Real Network's streaming music service Rhapsody has been submitted to Apple for review to grab it's spot in the App Store's growing library. Not familiar with Rhapsody? Imagine being able to login to your Rhapsody account and hear exactly the song you want to at that moment, without shelling out .99 cents to iTunes or having to load up your memory card with your entire music collection. The service allows users to download any song in Real's music catalogue, which according to them is over 8 million, right then, for the monthly subscription price of $15.

If approved, it could become a competitor for Apple's own iTunes music service. However, it's not quite clear how many users would be willing to spend $15 a month for streaming music service when other popular apps such as Pandora, Slacker, and iHeartRadio (though not all available on the iPhone) are out there that offer free, ad-based programming. The main selling point here is the instant music gratification and Real is betting it will be enough to draw more subscriptions in. This is all assuming of course that the app makes it through Apple's vague and little understood approval process.

The folks over at Gdgt got a real (no pun intended) look at the new player and it's features. They had overall praise for it, saying that the search and playlist functions were great, but noted that the current version doesn't support caching or actual downloading. This means that it wouldn't have offline functionality. They say however that we could expect to see this feature in a 2.0 release. The service apparently works well on EDGE, 3G, and supports WI-FI, so it likely buffers itself based on available connection.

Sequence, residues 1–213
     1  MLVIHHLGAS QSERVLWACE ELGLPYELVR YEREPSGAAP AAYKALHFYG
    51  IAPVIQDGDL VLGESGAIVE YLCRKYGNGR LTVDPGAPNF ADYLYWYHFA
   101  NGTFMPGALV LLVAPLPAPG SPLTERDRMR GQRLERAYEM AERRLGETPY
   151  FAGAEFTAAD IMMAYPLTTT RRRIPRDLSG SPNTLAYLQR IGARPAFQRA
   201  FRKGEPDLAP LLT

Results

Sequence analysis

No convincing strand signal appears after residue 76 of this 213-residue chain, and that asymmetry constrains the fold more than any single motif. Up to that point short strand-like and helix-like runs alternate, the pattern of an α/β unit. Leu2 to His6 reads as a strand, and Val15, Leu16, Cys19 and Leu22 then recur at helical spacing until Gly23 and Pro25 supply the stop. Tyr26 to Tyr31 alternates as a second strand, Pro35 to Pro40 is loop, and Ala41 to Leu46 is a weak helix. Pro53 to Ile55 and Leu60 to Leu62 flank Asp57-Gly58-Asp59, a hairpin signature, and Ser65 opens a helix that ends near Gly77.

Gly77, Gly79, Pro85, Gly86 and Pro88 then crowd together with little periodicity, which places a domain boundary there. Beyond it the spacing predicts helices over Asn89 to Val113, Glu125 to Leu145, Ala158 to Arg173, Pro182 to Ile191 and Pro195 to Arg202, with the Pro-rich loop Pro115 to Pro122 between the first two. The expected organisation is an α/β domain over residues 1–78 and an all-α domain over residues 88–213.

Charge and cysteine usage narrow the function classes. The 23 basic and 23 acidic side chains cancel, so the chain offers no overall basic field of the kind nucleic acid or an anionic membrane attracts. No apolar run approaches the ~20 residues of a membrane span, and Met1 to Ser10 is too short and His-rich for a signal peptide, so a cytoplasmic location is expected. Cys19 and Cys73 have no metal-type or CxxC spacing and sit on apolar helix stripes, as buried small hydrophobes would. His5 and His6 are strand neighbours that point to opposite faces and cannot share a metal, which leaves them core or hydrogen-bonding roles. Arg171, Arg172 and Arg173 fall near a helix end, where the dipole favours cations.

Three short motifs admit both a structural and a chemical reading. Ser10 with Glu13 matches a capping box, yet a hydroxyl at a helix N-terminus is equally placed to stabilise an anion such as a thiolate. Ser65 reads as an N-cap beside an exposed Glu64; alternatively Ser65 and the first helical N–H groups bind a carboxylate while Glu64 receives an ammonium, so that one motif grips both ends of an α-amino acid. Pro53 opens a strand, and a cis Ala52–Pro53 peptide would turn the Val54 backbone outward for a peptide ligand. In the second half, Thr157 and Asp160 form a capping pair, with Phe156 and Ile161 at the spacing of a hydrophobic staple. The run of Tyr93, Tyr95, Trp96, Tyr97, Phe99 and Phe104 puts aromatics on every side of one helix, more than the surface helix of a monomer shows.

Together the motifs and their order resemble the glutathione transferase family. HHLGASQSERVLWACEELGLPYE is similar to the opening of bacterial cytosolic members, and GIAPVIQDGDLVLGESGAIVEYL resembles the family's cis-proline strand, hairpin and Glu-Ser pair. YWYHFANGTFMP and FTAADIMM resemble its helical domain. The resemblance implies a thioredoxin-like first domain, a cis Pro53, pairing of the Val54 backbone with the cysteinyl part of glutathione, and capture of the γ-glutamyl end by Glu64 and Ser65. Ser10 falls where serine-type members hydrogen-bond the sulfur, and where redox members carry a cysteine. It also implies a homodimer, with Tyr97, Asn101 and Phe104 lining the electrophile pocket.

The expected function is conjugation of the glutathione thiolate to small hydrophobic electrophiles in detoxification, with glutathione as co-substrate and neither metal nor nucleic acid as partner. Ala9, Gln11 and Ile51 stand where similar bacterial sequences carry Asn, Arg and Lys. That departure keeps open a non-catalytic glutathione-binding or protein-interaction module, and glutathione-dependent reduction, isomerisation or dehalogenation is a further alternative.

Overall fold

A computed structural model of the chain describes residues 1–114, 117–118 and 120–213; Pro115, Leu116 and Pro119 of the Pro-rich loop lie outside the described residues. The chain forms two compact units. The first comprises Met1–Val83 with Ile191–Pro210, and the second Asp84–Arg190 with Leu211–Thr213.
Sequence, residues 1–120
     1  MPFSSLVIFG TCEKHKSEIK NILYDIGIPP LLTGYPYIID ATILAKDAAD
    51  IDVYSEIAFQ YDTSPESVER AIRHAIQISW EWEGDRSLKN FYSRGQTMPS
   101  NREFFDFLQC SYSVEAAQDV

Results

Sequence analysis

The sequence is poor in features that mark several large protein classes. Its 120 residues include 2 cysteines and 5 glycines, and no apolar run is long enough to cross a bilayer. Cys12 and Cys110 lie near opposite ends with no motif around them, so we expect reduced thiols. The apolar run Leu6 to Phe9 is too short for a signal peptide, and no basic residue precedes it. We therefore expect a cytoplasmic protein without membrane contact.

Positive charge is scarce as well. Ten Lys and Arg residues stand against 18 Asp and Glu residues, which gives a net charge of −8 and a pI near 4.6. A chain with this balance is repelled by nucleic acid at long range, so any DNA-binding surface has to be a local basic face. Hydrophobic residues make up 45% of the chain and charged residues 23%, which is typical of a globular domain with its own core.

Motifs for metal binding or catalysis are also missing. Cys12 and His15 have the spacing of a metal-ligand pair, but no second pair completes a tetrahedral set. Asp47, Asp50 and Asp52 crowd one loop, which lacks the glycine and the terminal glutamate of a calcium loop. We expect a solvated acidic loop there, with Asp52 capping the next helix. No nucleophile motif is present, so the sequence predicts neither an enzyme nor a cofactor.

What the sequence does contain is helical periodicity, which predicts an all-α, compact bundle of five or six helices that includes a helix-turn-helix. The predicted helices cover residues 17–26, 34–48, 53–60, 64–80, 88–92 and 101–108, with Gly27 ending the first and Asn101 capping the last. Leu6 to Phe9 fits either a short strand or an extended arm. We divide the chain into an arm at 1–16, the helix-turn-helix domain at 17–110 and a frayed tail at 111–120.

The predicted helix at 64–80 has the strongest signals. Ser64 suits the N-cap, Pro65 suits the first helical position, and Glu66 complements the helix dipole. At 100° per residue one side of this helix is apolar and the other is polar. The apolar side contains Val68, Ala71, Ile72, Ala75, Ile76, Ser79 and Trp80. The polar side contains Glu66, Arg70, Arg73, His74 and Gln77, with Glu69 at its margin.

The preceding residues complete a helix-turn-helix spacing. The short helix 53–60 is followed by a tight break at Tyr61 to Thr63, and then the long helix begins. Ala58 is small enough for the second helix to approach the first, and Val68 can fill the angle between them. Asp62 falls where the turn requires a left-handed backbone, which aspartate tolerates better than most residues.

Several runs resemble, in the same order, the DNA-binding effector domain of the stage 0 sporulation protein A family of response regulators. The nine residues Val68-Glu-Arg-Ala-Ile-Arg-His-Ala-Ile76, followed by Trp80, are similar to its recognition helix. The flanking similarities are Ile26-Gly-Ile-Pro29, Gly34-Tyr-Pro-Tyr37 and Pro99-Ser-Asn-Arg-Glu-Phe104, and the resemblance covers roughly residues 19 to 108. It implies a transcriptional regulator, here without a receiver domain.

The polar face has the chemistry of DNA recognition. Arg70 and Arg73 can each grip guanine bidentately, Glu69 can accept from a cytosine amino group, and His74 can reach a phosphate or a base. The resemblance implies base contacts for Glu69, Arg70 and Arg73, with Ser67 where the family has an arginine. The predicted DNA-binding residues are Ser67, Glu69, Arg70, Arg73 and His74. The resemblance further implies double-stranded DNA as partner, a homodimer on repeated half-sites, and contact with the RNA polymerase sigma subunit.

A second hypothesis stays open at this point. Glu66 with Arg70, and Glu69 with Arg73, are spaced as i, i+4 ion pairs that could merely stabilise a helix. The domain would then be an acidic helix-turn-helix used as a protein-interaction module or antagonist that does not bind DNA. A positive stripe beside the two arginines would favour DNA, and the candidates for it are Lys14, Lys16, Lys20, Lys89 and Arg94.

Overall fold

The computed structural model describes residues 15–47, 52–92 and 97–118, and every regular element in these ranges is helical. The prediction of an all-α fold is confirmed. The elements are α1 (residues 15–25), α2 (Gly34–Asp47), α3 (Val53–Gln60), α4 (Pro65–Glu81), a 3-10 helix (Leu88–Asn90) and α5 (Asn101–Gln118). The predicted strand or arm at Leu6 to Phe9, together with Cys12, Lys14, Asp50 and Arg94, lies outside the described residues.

The Real Network's Blog says they are actively working on a version for the Android platform as well and have even included a video showing just what the iPhone client can do. They boast it has all of the features of the website, but in a portable application.

Check out the hands-on from Gdgt and the video from Real.